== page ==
That Thursday evening, my parents, aunt and uncle, and papa went to see Nanny in the hospital. My last conversation with her had been earlier in the day about green beans and pies. I could tell she didn’t feel good and kept the conversation brief. I was in her kitchen making her pies and her green beans and it wasn’t right. I told her I would see her when she got home and to feel better. I told her I loved her. That was it. That evening my family returned for a meal that tasted like tears. Nanny wasn’t breathing well. She had pneumonia. She was being transferred to ICU to be put on a ventilator so she could recover from the sickness faster. She would only be on the ventilator a day or two.

Two days later, two days after Thanksgiving, Nanny’s holiday, sweet Arlene went home.

Christmas sucked. Everything sucked. Nanny was gone and it wasn’t supposed to be that way.

The next Thanksgiving came and it tasted like tears too.

Last year tasted better. Nanny was there but it was her happiness that flavored the food and not the sadness of her absence.

We haven’t changed much. I still cook way too many pies. We buy a turkey from the church now (we had done this for a few years before her death too actually so it isn’t a huge deal). But all of the recipes and dishes are the same.

I still cry when I look at the recipes. But there is so much happiness. We have new faces at our tables. We have joy. We have peace. And we still have Nanny, in our food, in our conversation, in our laughter, and in our hearts. It is and will always be Nanny’s Holiday.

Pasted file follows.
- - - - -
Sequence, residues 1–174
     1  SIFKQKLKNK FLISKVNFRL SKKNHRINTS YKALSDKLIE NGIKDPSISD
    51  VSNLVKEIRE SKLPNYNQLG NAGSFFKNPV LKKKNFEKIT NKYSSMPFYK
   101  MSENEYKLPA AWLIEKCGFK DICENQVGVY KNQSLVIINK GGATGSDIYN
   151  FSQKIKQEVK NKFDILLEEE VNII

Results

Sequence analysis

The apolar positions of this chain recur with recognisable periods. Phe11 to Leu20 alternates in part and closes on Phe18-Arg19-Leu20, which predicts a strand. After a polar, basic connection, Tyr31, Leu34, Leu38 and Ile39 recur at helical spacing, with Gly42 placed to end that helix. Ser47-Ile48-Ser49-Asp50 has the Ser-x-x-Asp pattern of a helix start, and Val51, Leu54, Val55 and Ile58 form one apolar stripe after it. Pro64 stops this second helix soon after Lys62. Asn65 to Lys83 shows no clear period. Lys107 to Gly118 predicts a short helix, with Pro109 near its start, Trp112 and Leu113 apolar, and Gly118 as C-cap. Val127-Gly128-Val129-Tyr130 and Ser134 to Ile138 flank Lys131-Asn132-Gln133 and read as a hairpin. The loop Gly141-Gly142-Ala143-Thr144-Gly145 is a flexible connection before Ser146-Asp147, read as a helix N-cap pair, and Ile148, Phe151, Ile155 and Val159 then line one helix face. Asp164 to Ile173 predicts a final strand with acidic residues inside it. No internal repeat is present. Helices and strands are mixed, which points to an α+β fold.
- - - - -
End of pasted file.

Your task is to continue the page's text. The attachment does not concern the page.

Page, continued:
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Happy Thanksgiving Nanny. We love you.

Thanksgiving Day Blessings: Inspiration, Beauty in the Outdoors

Today I am thankful for inspiration especially in the beauty of the outdoors. I love looking out my window and seeing God’s handiwork: The field across from my house that is full of birds picking off the leftovers from the harvest. The field behind my house where the old barn stands amidst overgrown grass. The trees that change with the season and sway in the breeze. The cats quietly basking in the sun. The blue sky with streaks made from airplanes flying overhead. The dogs barking at the neighbor’s horses and running freely in the their lot in the backyard. Kids laughing and smiling as they play on a crisp fall day.

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There is so much beauty around us and it is easy for us to take it for granted. Stop and look around today. Get inspired to write or paint or cook by all that is around you. Or just sit still and enjoy what God has blessed us with. Take it all in. Breathe in the glory of God and be thankful that he has given us a beautiful home!